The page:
In order to increase the consistency and uniformity of disability decisions, the Social Security Administration must become truly “one SSA”. While NADE supports the current federal – state partnership structure, we believe that it must be strengthened to provide more effective oversight of the process. Individual state government “downsizing”, hiring freezes, and other aspects that are particular to the different states should not be allowed to interfere with the efficient operation of the DDS. In addition, SSA must continue with the development of a single presentation of policy that will be binding on all adjudicators. Ongoing communication between the Field Offices, the state DDSs and the ALJs must become a priority. Building trust between the various components in the disability program will be a major challenge for SSA but must also be viewed as a major opportunity. We applaud recent efforts by SSA and by the various components, to improve and maintain these lines of communication. We believe that these initial efforts, if continued, will provide a more consistent message to the public and to the individual applicant and should improve both the quality and the consistency of the decision.

In addition to ongoing communication and a single presentation of policy, NADE believes that ongoing, joint training for all decision-makers is essential if we are to provide fair, accurate and consistent decisions. This training must be clear and consistent and include interaction and discussion between the different components, including Field Office staff, DDS staff, and OHA staff. SSA’s use of technology based training, such as IVT, or Interactive Video Technology training, is a valuable training tool but it cannot replace the benefits derived from personal interaction and discussion. Technology based training, while certainly useful, must not be the sole mechanism for providing training.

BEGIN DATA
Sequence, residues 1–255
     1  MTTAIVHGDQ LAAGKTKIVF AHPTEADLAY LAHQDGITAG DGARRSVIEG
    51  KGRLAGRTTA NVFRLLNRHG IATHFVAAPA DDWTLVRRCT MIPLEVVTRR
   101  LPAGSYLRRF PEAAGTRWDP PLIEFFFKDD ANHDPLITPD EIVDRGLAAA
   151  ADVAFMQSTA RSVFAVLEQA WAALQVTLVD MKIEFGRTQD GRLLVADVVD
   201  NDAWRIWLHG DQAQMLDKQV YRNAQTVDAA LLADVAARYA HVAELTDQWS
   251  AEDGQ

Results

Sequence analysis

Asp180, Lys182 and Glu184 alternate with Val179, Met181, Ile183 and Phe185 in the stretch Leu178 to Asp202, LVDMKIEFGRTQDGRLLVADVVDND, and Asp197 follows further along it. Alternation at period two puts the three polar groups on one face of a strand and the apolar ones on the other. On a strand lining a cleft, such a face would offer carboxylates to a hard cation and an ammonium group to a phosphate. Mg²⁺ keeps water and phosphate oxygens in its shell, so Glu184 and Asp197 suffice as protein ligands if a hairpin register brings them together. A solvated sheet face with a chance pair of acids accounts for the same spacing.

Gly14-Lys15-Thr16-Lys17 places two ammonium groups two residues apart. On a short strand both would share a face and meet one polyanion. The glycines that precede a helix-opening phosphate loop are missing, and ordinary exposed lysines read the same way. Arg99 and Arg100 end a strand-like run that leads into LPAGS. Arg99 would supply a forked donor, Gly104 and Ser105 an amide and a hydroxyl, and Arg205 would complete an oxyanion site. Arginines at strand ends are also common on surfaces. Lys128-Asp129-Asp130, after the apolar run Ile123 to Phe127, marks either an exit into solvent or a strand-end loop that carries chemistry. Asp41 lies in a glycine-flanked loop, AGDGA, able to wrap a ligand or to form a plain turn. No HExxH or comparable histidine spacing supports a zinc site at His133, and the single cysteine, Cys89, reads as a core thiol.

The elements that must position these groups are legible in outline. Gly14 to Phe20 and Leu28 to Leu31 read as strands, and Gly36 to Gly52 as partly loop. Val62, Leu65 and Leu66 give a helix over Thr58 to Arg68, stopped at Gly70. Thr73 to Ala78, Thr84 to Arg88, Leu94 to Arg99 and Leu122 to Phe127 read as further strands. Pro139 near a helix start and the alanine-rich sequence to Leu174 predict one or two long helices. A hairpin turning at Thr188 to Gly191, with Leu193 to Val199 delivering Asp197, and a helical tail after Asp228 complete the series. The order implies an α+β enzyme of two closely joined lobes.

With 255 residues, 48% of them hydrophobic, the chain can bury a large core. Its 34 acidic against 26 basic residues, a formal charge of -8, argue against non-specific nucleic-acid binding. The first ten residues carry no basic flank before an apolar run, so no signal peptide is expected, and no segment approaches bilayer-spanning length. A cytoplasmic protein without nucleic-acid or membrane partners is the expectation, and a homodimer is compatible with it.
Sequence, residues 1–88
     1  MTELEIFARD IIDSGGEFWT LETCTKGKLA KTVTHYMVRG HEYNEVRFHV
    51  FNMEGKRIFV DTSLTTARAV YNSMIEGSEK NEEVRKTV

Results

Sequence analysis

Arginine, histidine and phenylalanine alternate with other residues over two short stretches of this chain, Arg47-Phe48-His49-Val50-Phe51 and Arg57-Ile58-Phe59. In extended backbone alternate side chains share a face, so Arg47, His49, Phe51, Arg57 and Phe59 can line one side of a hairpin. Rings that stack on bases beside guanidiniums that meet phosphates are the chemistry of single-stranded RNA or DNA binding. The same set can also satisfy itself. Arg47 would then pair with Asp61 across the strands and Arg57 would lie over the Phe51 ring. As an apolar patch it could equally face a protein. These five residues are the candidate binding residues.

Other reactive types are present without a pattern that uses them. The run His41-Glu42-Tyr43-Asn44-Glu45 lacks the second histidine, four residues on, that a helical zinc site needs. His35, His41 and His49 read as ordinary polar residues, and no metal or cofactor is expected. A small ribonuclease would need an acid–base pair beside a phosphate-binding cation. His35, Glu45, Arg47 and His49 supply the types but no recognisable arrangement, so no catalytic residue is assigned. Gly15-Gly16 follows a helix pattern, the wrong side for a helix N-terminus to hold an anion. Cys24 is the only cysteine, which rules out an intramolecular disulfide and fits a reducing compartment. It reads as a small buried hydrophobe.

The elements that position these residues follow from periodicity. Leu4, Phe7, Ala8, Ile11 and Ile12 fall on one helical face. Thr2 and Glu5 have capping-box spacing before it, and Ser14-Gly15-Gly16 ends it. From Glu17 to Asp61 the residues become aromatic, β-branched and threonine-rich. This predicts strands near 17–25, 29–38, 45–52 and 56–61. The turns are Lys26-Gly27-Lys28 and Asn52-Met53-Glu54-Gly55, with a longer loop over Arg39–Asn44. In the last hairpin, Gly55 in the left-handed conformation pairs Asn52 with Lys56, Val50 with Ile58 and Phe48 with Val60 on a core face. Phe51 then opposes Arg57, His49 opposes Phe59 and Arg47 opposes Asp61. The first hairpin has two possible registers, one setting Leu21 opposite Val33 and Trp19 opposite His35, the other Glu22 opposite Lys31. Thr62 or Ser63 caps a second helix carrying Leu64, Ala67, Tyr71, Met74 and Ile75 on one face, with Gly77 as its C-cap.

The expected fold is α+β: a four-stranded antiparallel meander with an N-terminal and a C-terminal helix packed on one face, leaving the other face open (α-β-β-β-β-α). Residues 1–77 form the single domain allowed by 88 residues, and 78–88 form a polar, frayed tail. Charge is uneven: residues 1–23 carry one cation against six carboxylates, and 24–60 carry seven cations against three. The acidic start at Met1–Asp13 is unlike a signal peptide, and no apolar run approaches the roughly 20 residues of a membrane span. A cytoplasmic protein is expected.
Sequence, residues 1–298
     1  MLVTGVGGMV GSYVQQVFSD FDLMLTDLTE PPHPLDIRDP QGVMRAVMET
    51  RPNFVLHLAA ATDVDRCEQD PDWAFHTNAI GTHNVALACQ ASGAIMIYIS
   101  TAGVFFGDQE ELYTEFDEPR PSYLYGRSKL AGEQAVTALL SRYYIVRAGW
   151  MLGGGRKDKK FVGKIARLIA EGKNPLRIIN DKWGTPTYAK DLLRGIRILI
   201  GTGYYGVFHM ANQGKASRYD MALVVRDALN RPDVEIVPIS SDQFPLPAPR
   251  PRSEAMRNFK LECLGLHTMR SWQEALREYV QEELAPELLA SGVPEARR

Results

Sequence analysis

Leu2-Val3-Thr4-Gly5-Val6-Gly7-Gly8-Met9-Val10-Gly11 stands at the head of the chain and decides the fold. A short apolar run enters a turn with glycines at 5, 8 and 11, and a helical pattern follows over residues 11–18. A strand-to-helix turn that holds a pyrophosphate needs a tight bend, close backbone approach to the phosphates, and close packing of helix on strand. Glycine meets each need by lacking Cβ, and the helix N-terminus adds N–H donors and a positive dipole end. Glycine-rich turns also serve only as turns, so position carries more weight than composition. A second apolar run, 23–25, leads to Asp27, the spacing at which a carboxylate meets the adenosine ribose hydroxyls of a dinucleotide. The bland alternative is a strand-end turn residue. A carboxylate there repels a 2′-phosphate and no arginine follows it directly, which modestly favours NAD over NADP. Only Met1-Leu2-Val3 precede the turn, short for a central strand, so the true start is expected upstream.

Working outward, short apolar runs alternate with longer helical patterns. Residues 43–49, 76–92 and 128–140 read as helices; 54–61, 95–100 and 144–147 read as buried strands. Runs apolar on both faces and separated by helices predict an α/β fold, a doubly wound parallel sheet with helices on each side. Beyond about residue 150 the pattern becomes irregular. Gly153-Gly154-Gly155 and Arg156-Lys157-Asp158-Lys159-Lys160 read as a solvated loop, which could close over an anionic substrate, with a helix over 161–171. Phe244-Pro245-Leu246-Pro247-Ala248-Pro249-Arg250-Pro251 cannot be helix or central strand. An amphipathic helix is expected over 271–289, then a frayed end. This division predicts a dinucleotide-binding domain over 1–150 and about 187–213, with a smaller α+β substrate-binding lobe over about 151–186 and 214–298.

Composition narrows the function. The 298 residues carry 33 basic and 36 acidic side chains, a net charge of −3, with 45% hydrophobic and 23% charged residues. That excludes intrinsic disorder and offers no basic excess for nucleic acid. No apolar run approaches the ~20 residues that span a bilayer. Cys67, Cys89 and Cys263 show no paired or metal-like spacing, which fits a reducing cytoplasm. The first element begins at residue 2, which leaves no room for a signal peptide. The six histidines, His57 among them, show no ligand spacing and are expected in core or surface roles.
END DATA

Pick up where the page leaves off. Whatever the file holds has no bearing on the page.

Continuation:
Another major challenge for the disability program will be finding a suitable replacement for the Dictionary of Occupational Titles, or D.O.T. This publication, periodically compiled by the U.S. Department of Labor, has served as the guidebook for disability decisions made by the DDSs on claims that were decided on vocational issues. Unfortunately, the Labor Department has ceased compiling this information and SSA has not yet found a suitable replacement. Already, DDSs are beginning to struggle with decisions that are based on whether a claimant can return to past relevant work or to other work because the information at our disposal is outdated. Experiments with other tools, such as the O-net, have not proved beneficial thusfar. This problem will only get worse with the passage of time until and unless SSA is able to find a replacement for the information used daily by the DDSs in making their disability decisions.